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Bad Taste

Lattars

Witch-hunt of CPI(ML) Activists

C
PI(ML) general secretary Dipankar Bhattacharya and others are being tried in a fast-track court in Ranchi under Sections 147, 114, 148, 149, 353, 323, 324, 307, 188, 431 of the IPC and Section 17 of the CLA (a repealed act that continues to be invoked in Jharkhand!).

It may be recalled that on March 1, 2001 the CPI(ML) had organised a protest demonstration, led by Dipankar Bhattacharya, before the newly formed Jharkhand assembly demanding action against guilty police officials who had killed eight tribal protesters opposing the NDA government’s move to resume the controversial Koel Karo project. The police not only ill-treated and arrested him and other leaders and resorted to brutal lathicharge but also slapped a false case on them!

For the general secretary of a recognised political party, leading a political protest to voice certain issues before a representative assembly, to be charged with “abetting attempted murder”, is probably unprecedented in the annals of Indian politics. For Jharkhand under BJP rule this however seems to be the order of the day. The state has become notorious for wanton violation of human rights. A draconian legislation like POTA has been used most arbitrarily against innocent people in Jharkhand.

Jharkhand had been formed in November 2000, and a shaky new BJP government with a wafer-thin majority, headed by Babulal Marandi, had been installed. Right from the start the Marandi government behaved like a government under siege, living in fear of its own people, rather than like a popular elected government celebrating the culmination of a people’s struggle for a new state. The new government took oath behind closed doors in a high-security auditorium, far from the public gaze, citing the threat of a Naxalite attack. The then home minister L K Advani had advised the Marandi government that its primary task must be to break the backbone of Naxalism. On the ground, naturally, this translated to a war on the rural and tribal poor, minorities as well as on popular leaders of the ML movement.

The first 100 days of BJP rule were marked by a series of police firings, revealing the new government’s hatred and fear of the state’s considerable Christian, Muslim and adivasi population. The CPI(ML) was at the forefront of protest in every incident.

The Jharkhand assembly was in its very first budget session when the CPI(ML) called the assembly gherao to confront the government with the demand for action against those responsible for various acts of police firing; for immediate scrapping of the Koel Karo project and steps to safeguard adivasis from land alienation. On March 1, 2001, 3,000 people led by Dipankar Bhattacharya marched from Hatia station towards the assembly. At the barricade at Birsa Chowk, police launched an unprovoked and ferocious assault on the marchers, with tear gas shells, rubber bullets and lathis. Several activists were left badly injured. Forty activists were arrested including Dipankar Bhattacharya and detained without their whereabouts being made public. Before the event at Birsa Chowk, 100 activists managed to reach the entrance of the assembly and shout slogans. They too were severely lathicharged and arrested. Meanwhile, inside the house, Mahendra Singh led other opposition MLAs to shout slogans in the well of the house in support of the gherao outside. When these MLAs rushed to Birsa Chowk, even they were lathicharged, with Mahendra Singh being specially targeted.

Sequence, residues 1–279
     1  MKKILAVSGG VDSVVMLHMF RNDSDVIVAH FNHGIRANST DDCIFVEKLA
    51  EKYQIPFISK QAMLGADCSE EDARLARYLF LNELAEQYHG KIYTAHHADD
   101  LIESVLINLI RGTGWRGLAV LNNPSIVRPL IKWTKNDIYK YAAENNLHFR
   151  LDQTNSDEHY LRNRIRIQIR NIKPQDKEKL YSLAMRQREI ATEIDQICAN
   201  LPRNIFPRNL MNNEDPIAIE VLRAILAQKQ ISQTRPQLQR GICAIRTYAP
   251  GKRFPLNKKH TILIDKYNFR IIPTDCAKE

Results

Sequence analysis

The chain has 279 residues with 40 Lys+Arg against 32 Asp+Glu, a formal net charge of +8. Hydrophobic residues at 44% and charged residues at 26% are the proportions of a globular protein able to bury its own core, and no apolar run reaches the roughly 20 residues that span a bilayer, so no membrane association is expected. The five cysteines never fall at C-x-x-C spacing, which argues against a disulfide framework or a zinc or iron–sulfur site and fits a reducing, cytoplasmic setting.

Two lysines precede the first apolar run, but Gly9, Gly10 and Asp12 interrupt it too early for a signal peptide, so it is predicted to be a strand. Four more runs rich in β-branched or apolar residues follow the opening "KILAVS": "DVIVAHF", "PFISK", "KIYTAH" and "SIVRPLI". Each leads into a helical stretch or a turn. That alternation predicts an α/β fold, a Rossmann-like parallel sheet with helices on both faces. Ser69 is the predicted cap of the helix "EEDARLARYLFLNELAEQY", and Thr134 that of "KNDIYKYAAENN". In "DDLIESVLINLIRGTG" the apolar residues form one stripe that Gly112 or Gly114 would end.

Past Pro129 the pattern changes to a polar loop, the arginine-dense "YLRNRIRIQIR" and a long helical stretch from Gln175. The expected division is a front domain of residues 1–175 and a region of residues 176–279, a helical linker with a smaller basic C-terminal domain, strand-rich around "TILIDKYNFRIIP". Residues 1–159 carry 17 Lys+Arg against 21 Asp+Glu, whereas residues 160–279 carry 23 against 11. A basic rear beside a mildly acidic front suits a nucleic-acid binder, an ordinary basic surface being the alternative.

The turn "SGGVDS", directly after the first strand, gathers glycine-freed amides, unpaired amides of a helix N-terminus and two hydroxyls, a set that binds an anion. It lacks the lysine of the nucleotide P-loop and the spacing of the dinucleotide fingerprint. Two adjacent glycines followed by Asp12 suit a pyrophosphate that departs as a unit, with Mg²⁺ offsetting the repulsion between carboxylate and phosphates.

(Continued on p 2392)

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Economic and Political Weekly June 10, 2006

Lattars

(Continued from p 2274)

The BJP government in Jharkhand targeted and assassinated Mahendra Singh – the most consistent democratic voice inside the Jharkhand assembly. The latest attempt of the BJP government in Jharkhand to frame the topmost leadership of the CPI(ML) is yet another display of their commitment to a repressive police force and fear of the growing movement of the poor and adivasi people of the state.

PRABHAT KUMAR

For central committee, CPI(ML) Delhi

Bad Taste

T
he article ‘Anti-Reservation Protest: Shoring Up Privilege’ (May 20, 2006) was in bad taste. It reads more like a pamphlet by a rabble-rouser than an objective analysis of the issue. It tells more about the prejudices of the author than about the issue.

The author’s remarks on the members of the Knowledge Commission are totally unwarranted. The commission is headed by a technocrat whose contributions to the global telecom industry are immense. One of the members who quit in protest is also one of the foremost sociologists of this country. His research on social inequalities in India is too well known to be repeated here. The other member has been a professor at Harvard University. Perhaps they are more qualified to comment on this issue than the author.

The government chose to impose the quota without even consulting the institutions and the various stakeholders. This arrogant behaviour and the assault on the autonomy of the institutions are not condemned by the author.

K RAVI SRINIVAS

Bangalore

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